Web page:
Electronic patient records from patients undergoing transfemoral or transapical TAVI from August 2008 to July 2011 were systematically reviewed. The following data were collected: patient characteristics, comorbidities and cardiac history; procedural characteristics, including access site, type of valve (brand and size) and performance of surgical groin cut-down; occurrence of postoperative complications for up to 30 days and 30-day survival. Complications were classified into eight different categories. For the aim of this study, we specifically looked at infections, which were further classified according to site of origin (as noted in the electronic patient record). Whenever possible, further information about causal pathogen and treatment was assembled.

Aortic valve implantation

TAVI procedures were routinely performed by a team, consisting of two interventional cardiologists, one cardiologist specialised in echocardiography, one cardiac surgeon, one anaesthetist and two specialised nurses. The procedure took place in the catheterisation suite, which was cleaned the evening before the TAVI procedure and only accessible for persons wearing appropriate scrubs, masks, caps and, if standing at the operating table, gowns. At the beginning of the procedure, meticulous hand washing and donning of sterile gloves was done by each member of the operating team, and the patient was prepped and draped in a sterile fashion. Forty-five patients were treated via a transfemoral route, the remaining 28 underwent a transapical approach according to standard techniques as described earlier [ 6, 7]. In the early cohort of 27 patients, the right or left common femoral artery and vein were surgically exposed at the beginning of the procedure in case emergency cardiopulmonary bypass was needed.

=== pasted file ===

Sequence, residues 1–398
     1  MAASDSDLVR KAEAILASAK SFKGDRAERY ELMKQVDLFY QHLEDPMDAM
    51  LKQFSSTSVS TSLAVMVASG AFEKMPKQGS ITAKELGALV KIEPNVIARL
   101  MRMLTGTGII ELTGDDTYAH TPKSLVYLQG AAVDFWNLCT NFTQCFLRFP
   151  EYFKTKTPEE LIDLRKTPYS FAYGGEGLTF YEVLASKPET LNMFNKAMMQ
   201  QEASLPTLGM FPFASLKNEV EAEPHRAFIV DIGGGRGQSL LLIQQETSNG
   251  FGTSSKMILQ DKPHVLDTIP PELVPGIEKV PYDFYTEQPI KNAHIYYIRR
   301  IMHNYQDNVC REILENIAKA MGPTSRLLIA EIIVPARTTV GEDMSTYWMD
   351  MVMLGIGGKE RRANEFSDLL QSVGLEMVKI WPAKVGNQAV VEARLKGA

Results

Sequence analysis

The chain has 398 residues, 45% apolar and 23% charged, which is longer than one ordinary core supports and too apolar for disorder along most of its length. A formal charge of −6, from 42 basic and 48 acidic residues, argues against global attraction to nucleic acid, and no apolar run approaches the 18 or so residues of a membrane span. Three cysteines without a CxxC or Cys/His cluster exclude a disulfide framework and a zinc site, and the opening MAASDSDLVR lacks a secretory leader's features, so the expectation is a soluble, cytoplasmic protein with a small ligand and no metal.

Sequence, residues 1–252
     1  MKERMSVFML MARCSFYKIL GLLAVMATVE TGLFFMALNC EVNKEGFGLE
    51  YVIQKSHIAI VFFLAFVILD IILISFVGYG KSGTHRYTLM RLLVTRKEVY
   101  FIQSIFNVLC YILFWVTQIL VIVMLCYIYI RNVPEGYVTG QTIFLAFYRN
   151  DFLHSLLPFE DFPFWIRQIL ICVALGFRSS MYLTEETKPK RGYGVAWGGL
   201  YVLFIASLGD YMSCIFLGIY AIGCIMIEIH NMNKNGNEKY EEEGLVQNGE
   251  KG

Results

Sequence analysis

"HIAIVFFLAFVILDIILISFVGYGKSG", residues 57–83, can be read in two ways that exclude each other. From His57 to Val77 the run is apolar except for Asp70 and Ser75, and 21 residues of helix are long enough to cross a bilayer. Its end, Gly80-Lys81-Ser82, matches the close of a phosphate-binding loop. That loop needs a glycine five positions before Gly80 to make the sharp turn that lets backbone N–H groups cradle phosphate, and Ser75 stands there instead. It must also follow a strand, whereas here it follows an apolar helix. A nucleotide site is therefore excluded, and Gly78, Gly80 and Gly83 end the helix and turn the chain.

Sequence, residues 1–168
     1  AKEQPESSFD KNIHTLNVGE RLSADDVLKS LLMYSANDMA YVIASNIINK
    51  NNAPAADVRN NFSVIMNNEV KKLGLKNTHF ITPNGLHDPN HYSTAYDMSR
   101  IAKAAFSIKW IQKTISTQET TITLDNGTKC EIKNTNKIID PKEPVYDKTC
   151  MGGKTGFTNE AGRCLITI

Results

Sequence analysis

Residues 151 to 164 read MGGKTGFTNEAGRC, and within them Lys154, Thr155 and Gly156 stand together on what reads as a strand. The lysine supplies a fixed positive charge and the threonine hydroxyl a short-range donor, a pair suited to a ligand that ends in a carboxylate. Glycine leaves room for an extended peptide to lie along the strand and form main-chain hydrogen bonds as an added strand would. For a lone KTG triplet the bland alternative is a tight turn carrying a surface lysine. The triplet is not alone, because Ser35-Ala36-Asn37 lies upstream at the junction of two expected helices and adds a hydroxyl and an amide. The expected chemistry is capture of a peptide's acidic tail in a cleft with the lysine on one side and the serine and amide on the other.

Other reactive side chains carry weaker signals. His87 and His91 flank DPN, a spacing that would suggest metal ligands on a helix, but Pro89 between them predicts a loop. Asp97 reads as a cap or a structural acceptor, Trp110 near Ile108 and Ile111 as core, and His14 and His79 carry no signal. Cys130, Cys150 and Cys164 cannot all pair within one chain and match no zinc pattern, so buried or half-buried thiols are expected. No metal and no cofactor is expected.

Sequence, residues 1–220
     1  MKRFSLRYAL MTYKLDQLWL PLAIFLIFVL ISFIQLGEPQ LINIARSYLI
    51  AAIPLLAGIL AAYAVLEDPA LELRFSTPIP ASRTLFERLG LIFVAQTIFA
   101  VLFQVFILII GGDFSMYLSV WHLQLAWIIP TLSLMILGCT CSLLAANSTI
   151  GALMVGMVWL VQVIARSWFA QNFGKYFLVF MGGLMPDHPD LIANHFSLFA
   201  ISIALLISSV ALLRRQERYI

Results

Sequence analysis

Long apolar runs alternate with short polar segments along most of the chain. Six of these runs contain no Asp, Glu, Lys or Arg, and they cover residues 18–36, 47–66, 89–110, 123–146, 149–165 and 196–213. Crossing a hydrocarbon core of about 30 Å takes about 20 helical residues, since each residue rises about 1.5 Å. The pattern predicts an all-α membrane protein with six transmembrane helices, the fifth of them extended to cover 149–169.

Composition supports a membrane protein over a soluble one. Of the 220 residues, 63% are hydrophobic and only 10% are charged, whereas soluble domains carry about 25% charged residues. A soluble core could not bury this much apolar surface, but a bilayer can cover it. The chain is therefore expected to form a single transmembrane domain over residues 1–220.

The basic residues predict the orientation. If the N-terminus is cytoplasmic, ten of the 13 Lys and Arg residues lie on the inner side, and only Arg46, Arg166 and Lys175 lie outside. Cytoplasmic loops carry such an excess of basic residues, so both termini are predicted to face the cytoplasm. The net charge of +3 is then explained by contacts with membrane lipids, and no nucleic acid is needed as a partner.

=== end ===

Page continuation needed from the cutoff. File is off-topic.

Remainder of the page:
With growing operator experience, this practice was abandoned and a complete percutaneous access became the gold standard in the subsequent 46 patients. All patients were pre-treated with aspirin and clopidogrel and received heparin during the procedure in order to maintain an activated clotting time above 250 ms. All patients received antibiotic prophylaxis (first- or third-generation cephalosporin or vancomycin). The size of the valve was chosen according to echocardiographic estimate of aortic annulus diameter and varied between 23 (24 patients), 26 (44 patients) and 29 mm (5 patients). All procedures were done under general anaesthesia and with the aid of fluoroscopic and transoesophageal echocardiographic guidance for accurate valve deployment.
The stenotic valve was predilated with an undersized balloon to facilitate valve implantation and subsequent valve placement was accomplished during rapid pacing in the right ventricle or epicardium. If necessary, additional post-dilation was performed in case of relevant para-valvular regurgitation.


Patients and procedures (Tables 1, 2)

Table 1
Patient characteristics and cardiac history
Clinical characteristics
N (=73)
Male sex
28 (38.3 %)
Age (years)
74.97 (±7.2)
Log EuroSCORE (%)
18 (±10.41)
22 (30.1 %)
14 (19.1 %)
Severe renal insufficiency a
14 (19.1 %)
Active malignancy